Two anglers indicted in alleged cheating scheme
By Maggie Kelch
Cleveland — Two tournament fishermen who were disqualified from the Lake Erie Walleye Trail (LEWT) Championship held here on Sept. 30 for allegedly cheating in the event are facing criminal charges.
Chase Cominsky, 35, of Hermitage, Pa., and Jake Runyan, 42, of suburban Cleveland, who were leading both the tournament and the LEWT Team of the Year competition, were disqualified when tournament director Jason Fischer cut open the five fish they had entered to find that they were allegedly stuffed with lead weights and fillets from smaller walleyes. If Runyan and Cominsky had won the tournament, they would have received a total prize of $28,760.
Immediately following the incident, Fischer contacted the Ohio DNR and Cleveland MetroParks Police, who confiscated the fish, weights, and walleye fillets as part of an investigation into the incident.
On Wednesday, Oct. 12, Cuyahoga County Prosecutor Michael C. O’Malley announced that a county grand jury returned an indictment against Runyan and Cominsky on four separate charges: Cheating (a felony of the fifth degree); attempted grand theft (fifth-degree felony); possessing criminal tools (fifth-degree felony); and unlawful ownership of wild animals (a misdemeanor of the fourth degree).
According to the prosecutor’s office, upon conviction felonies of the fifth degree are punishable by up to 12 months in prison and up to $2,500 in fines. Misdemeanors of the fourth degree are punishable by up to 30 days in jail and up to $250 in fines upon conviction.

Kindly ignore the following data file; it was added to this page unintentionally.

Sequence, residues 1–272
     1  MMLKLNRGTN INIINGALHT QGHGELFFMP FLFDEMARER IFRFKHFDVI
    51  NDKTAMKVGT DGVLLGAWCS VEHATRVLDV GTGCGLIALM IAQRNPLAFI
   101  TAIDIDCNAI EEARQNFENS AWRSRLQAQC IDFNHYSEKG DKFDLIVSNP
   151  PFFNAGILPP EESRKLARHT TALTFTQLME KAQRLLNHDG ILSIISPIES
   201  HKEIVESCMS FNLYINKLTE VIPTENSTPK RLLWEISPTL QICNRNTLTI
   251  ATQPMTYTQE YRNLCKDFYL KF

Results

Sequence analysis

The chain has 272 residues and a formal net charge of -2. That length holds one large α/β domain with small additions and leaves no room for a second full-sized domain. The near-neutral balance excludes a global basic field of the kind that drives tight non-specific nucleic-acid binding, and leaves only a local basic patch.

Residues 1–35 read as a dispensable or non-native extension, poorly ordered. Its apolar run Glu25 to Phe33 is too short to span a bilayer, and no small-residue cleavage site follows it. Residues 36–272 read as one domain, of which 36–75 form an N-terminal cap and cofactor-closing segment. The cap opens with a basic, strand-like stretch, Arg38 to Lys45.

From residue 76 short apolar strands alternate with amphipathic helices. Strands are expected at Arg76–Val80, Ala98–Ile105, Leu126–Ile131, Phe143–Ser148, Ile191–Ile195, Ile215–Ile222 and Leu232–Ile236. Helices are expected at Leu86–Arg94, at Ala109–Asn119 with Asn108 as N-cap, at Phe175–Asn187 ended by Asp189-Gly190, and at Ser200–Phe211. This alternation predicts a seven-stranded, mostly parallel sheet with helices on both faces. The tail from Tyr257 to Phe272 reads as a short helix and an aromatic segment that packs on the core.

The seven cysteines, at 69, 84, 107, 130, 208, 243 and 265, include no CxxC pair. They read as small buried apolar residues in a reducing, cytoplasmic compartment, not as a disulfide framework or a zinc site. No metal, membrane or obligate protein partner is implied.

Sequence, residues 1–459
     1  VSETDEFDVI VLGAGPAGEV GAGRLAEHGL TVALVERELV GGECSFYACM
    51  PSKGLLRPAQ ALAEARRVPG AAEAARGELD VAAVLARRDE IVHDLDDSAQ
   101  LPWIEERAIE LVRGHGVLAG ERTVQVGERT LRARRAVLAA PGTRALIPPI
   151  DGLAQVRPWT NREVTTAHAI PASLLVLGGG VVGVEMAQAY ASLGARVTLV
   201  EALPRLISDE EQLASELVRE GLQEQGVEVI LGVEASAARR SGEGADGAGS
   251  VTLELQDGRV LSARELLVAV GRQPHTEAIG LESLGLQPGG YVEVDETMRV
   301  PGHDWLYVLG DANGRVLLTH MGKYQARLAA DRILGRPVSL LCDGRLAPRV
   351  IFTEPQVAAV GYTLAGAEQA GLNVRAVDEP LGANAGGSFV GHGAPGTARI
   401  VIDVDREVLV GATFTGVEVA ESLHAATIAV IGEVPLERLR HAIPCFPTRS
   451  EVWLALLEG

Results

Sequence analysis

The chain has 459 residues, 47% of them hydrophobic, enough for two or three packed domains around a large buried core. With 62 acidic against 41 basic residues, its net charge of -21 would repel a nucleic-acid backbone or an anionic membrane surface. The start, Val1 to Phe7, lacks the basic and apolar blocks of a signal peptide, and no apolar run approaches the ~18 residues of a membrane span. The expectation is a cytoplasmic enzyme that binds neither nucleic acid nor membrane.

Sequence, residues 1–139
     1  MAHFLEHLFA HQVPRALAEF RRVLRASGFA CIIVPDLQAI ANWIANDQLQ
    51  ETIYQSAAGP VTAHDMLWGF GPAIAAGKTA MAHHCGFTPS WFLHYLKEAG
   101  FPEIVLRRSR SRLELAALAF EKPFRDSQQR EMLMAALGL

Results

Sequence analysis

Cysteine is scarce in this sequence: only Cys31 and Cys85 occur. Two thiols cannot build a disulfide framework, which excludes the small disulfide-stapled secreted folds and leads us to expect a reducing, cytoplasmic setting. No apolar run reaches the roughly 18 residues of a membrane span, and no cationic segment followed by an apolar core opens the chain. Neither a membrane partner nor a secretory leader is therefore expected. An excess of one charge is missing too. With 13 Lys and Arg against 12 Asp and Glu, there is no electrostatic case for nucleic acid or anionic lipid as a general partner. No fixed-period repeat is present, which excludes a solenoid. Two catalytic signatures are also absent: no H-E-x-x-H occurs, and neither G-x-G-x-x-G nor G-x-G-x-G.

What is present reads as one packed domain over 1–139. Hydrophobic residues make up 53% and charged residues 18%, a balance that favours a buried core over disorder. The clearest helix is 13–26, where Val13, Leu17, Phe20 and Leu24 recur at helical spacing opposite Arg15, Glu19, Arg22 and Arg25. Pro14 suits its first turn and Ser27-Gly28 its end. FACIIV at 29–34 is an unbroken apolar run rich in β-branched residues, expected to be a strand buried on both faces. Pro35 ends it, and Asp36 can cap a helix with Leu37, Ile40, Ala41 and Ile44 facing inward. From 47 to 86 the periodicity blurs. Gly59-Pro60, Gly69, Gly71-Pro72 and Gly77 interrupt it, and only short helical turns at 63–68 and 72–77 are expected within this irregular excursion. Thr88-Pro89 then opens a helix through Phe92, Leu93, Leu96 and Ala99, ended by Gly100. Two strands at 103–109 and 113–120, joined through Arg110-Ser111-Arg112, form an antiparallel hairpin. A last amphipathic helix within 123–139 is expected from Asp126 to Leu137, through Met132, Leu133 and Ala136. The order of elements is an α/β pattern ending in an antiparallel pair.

The prosecutor’s office also said that the unlawful ownership of wild animals charge (pertaining to their possession of fish fillets on their boat) could result in an indefinite suspension of their fishing licenses.
“I take all crime very seriously, and I believe what these two individuals attempted to do was not only dishonorable but also criminal,” O’Malley said in a statement. “I would like to formally thank the officers with the Ohio Department of Natural Resources, the Hermitage, Pennsylvania, Police Department, the Mercer County District Attorney’s Office, and the Pennsylvania Fish and Boat Commission for their quick actions and their execution of a search warrant resulting in the seizure of criminal tools, including defendant Cominsky’s boat and trailer.”
As part of the possession of criminal tools charge, Cominsky’s Ranger Pro Fisherman fiberglass boat, trailer, and all of the boat’s contents were confiscated at his home in Hermitage on Tuesday, Oct. 11.
Pete Acker, the district attorney in Mercer County, Pa., said that a detective with his office worked with the ODNR to execute a search warrant and to seize the trailer, boat, and all of its contents as evidence.
“This is but the latest example of cooperation between law enforcement agencies, even when in two different states,” he said.
The search warrant affidavit states that the seizure of the boat and trailer was necessary “to preserve them as evidence of criminal violations and because they are subject to forfeiture.”
The affidavit shows that the five fish had eight, 12-ounce lead weights and two, 8-ounce lead weights in them.
In addition to providing details about the alleged cheating at the LEWT Championship, the affidavit also states that Cominsky and Runyan were investigated in April by the Rossford (Ohio) Police Department for allegedly cheating in another fishing tournament (the Rossford Roundup near Toledo.) The affidavit states that the Rossford police completed their investigation and then turned the case over to a prosecutor, who declined to file charges.
Neither Cominsky nor Runyan have spoken publicly since the alleged incident occurred.
The Cuyahoga County Prosecutor’s Office said Runyan and Cominsky will be arraigned at the Cuyahoga County Justice Center at a later date.